COUNCIL PRESIDENT: But are you also being guided by some of the recommendations that are being delineated in the report?

JOSEPH PONTE: In the DOJ report?


PONTE: Absolutely.


PONTE: There is nothing in that report I disagree with.

ROSE: Ponte was appointed in March by Mayor Bill de Blasio in part because of his reputation as a reformer. And Ponte promised the city council he would increase staffing levels and train the officers better.


PONTE: Historically here in New York, we've never trained our staff to do these things, and though we had an expectation, somehow they would know - how do you manage a 16- to 17-year-old differently than an adult when we've never trained them in that manner.

ROSE: But if his reforms are going to work, Ponte will need the support of those same correction officers and the powerful union that represents them. And already, there are signs of friction over Ponte's decision to end solitary confinement.


THOMAS FARRELL: These kids - children are coming in as violent predators.

ROSE: Thomas Farrell is a longtime Rikers guard who testified at city council on behalf of the Correction Officers' Benevolent Association. He says officers need all the tools they can get to control the inmates including solitary confinement known at Rikers as punitive segregation.


FARRELL: Basically the inmates are running around with impunity. And if you're going to do away with punitive segregation, what other tool do you have to protect - the majority of the crimes that are committed against inmates so realistically, we're looking to save inmates from being hurt.

ROSE: That's a legitimate concern, says Martin Horn. He was in charge of Rikers Island as New York City corrections commissioner from 2003 to 2009. He says corrections officers could do the job differently if there were more of them.

MARTIN HORN: If there were more officers, the officers would feel more - emboldened to control the inmate's behavior, less obligated to collude with the inmates to keep themselves safe.

ROSE: But Horn says the problems with Rikers go beyond staffing and training. Horn says he tried several times to move the juvenile inmates off Rikers altogether to smaller detention centers elsewhere in the city. But he says he was blocked by communities that didn't want them. Horn says that sends a clear message to everyone at Rikers.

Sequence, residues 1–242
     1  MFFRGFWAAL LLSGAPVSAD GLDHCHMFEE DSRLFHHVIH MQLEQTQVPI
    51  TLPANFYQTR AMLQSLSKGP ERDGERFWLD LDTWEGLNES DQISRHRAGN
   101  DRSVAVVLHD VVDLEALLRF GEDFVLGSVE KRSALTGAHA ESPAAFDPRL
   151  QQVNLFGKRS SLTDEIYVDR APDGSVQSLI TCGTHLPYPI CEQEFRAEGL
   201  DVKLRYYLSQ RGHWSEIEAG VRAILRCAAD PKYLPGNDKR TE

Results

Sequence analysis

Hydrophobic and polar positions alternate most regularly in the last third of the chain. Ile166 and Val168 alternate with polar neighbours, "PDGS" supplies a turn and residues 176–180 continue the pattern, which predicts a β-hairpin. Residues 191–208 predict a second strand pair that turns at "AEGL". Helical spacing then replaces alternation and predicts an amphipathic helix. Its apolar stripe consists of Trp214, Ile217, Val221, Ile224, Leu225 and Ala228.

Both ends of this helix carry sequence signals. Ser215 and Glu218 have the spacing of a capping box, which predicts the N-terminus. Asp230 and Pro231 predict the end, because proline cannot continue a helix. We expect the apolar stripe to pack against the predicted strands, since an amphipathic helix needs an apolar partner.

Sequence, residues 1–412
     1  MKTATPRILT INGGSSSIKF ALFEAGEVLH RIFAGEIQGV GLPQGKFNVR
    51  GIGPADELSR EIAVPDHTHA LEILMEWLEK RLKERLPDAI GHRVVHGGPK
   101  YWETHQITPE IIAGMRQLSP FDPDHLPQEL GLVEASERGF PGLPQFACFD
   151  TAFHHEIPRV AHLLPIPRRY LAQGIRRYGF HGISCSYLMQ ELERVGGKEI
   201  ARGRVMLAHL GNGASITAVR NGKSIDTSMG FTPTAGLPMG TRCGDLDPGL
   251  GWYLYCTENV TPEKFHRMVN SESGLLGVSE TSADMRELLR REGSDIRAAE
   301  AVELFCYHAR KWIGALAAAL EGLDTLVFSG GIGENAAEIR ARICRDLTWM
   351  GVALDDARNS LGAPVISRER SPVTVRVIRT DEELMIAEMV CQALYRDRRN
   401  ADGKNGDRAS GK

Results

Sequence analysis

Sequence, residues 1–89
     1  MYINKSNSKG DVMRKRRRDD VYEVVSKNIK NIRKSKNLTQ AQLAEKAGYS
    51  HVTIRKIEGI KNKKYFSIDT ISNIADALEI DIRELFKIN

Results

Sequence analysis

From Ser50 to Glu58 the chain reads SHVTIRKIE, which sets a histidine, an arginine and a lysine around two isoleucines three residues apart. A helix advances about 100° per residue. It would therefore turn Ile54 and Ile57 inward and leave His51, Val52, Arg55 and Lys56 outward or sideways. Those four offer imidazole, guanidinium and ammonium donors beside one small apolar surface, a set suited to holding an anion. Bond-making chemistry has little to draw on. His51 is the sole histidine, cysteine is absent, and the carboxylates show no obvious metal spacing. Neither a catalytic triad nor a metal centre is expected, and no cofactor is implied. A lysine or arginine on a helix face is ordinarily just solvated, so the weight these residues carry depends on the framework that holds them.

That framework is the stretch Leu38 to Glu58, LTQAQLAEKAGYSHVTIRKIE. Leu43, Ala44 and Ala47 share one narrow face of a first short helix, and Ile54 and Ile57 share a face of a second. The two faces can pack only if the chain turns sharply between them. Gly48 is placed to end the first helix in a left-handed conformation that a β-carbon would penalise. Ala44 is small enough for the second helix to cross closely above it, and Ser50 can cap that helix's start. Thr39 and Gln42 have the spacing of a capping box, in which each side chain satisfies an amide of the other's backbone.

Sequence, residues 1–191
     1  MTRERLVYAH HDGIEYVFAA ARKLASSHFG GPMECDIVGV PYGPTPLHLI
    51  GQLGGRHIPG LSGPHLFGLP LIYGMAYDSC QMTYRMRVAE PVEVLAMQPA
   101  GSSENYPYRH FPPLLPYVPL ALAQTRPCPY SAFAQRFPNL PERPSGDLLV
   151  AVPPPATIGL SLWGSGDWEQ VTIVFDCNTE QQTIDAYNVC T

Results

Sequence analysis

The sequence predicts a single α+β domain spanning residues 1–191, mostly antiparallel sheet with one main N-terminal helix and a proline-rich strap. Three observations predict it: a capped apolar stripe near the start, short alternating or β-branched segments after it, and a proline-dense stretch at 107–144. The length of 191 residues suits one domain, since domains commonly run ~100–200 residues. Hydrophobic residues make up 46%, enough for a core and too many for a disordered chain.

HORN: Rikers Island is symbolic. Rikers Island is New York City's way of demonizing its own citizens, its own children. And that's what we do - we put them in Rikers Island. And when we do that, we send a not-so-subtle message to the staff that the community doesn't want these kids and the community really doesn't care what happens to them.

ROSE: Horn agrees with reformers here and around the country who say it would be better to put juvenile inmates in smaller facilities where they could get additional services and more opportunities for rehabilitation. That's known in the field as the Missouri model and it's been adopted by a number of cities and states.

That's what Ismael Nazario would like to see, too. Nazario is 25 now. He left Rikers for the third and last time in 2010. Now he counsels inmates about how to adapt to life on the outside. Nazario says that there's a lot New York could do to help if the Blasio administration can find the money.

NAZARIO: They would actually have to start investing in the people. Don't just let them sit there. At least give them some type of mental stimulation to try to divert the anger and frustration.

ROSE: New York corrections officials say they're in talks with U.S. attorney's office about the recommendations laid out in his report. Prosecutors have not filed a lawsuit over conditions at Rikers Island. But if the talks break down, that's still a possibility. Joel Rose, NPR News, New York.